Biogas is a gas produced by the digestion in an oxygen free (anaerobic digestion) or fermentation of organic matter. The organic matter can be manure, sewage, municipal waste, compost, food waste or any other biodegradable raw material. Biogas is mainly methane and carbon dioxide. Depending on where it is produced, biogas is also called:
Biogas can be used as a vehicle fuel or to generate electricity. It can also be burned directly for cooking, heating, lighting, process heat and absorption refrigeration.
Biogas and anaerobic digestion[change | change source]
Anaerobic digestion is much used to make biogas from biodegradable waste because valuable fuel can be produced while destroying disease-causing pathogens and reducing the volume of disposed waste products. The methane in bio gas burns more cleanly than coal, and produces more energy with less emissions of carbon dioxide. The harvesting of bio gas is an important role of waste management because methane is a greenhouse gas with a greater global warming potential than carbon dioxide. The carbon in bio gas was generally recently extracted from the atmosphere by photosynthetic plants, so releasing it back into the atmosphere adds less total atmospheric carbon than the burning of fossil fuels.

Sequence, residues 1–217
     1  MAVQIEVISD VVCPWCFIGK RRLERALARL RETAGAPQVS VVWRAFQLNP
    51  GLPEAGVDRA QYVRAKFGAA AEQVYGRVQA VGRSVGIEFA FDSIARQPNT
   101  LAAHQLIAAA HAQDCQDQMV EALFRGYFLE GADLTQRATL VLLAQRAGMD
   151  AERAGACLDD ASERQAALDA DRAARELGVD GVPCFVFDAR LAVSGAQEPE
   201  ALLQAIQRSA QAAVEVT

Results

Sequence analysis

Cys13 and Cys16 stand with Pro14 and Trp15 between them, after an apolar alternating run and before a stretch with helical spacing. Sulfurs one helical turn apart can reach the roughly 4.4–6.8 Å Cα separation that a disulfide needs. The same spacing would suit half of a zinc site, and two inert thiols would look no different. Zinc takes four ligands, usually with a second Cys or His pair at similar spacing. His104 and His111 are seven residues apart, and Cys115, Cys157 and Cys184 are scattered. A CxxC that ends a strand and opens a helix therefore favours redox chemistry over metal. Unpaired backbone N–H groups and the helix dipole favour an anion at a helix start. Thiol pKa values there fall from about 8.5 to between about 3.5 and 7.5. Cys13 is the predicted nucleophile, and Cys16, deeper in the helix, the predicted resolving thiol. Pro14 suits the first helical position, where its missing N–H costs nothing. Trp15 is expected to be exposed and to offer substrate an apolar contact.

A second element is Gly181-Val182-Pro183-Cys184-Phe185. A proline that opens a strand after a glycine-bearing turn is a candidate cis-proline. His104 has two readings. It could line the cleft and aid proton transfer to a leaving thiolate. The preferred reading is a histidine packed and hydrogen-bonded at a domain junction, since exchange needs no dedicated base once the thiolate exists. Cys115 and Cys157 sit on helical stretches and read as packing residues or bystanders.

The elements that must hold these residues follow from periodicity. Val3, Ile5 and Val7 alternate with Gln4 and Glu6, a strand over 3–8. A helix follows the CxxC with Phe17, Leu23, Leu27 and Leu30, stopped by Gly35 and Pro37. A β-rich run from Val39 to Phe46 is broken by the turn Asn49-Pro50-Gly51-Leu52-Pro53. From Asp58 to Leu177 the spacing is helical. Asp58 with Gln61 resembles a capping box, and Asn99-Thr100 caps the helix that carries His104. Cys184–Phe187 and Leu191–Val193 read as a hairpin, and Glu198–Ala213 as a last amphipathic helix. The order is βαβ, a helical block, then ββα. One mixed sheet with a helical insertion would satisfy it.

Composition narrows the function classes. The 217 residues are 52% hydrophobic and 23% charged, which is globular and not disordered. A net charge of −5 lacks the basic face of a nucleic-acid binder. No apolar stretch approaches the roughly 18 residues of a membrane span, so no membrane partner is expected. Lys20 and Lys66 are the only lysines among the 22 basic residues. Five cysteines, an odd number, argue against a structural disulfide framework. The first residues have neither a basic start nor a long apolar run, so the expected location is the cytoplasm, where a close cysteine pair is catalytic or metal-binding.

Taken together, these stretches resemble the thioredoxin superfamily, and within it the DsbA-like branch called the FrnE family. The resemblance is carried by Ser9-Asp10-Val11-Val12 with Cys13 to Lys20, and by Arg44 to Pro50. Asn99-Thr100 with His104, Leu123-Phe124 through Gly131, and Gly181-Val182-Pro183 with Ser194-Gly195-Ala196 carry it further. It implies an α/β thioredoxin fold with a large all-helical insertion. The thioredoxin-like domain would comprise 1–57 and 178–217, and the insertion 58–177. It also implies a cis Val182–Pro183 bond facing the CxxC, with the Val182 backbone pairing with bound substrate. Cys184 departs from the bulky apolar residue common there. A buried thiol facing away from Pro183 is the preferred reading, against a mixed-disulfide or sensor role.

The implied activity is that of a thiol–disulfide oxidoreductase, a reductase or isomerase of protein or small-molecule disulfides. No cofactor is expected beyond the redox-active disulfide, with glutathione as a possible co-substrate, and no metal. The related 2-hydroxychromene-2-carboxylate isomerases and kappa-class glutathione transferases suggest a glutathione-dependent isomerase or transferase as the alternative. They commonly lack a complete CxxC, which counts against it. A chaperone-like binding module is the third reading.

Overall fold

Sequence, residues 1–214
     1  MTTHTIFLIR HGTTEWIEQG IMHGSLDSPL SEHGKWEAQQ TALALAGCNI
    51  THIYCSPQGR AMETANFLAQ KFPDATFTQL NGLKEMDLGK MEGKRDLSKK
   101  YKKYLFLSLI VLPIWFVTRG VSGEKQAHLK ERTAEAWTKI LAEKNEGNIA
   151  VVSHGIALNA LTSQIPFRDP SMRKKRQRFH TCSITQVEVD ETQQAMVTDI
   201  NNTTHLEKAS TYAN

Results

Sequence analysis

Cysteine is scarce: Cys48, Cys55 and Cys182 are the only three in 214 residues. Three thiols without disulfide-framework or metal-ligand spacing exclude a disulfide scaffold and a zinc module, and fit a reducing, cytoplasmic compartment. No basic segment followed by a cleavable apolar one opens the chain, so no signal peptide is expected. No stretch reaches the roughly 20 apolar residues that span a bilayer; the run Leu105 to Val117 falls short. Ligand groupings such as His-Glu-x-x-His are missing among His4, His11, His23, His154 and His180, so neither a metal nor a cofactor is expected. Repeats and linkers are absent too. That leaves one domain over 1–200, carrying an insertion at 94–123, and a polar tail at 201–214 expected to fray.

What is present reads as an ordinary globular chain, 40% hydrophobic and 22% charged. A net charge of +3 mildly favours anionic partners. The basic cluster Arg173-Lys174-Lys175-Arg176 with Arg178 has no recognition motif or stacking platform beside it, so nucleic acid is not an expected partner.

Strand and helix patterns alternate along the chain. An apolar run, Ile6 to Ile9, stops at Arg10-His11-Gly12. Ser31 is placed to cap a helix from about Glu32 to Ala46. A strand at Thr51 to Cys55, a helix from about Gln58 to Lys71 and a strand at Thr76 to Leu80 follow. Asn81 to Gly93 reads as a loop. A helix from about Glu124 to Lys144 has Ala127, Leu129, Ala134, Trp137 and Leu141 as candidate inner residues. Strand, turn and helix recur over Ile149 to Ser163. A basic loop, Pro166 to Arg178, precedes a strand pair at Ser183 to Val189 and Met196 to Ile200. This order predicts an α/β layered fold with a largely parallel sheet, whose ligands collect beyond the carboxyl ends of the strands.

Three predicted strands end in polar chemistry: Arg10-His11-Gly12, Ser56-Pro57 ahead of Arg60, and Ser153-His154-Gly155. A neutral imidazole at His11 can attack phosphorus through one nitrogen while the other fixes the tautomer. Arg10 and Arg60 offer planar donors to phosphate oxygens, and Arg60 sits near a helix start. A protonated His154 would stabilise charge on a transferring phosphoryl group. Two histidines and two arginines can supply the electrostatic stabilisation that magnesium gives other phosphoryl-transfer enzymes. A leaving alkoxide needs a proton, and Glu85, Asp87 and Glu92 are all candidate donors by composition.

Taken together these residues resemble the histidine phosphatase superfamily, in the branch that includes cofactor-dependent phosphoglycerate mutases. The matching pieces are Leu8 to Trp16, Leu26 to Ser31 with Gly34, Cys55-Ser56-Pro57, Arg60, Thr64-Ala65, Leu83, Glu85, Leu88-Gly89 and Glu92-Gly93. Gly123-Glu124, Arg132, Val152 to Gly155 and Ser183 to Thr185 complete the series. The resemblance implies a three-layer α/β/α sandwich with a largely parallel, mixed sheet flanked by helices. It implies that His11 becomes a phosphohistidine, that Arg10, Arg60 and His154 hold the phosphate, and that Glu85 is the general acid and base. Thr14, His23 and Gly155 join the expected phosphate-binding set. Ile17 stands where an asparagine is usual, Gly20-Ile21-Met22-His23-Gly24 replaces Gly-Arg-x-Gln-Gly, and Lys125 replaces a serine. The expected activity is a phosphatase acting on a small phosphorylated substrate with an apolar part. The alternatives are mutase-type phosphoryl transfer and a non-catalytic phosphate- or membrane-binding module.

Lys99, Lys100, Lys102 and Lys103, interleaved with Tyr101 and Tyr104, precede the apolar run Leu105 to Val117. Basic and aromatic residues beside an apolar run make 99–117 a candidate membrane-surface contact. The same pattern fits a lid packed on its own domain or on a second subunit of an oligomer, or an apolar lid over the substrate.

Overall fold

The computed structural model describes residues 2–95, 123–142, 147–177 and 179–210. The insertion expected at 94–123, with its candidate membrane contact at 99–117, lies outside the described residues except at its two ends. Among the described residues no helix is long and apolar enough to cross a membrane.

Biogas typical composition range[change | change source]
The composition of biogas varies depending on how it is made. Landfill gas typically has methane concentrations around 50%. Advanced waste treatment technologies can produce biogas with 55-75%CH4.
|Carbon dioxide, CO2||25-50|
|Hydrogen sulphide, H2S||0-3|
Related pages[change | change source]
Other websites[change | change source]
- AGORES - Biogas Biofuel Lille (PDF)
- AGORES - Biogas Biofuel Stockholm (PDF)
- University of Adelaide - An Introduction to Biogas
- Biogas in Rural Costa Rica
- Solid Waste Association of North America
- Landfill Gas Symposium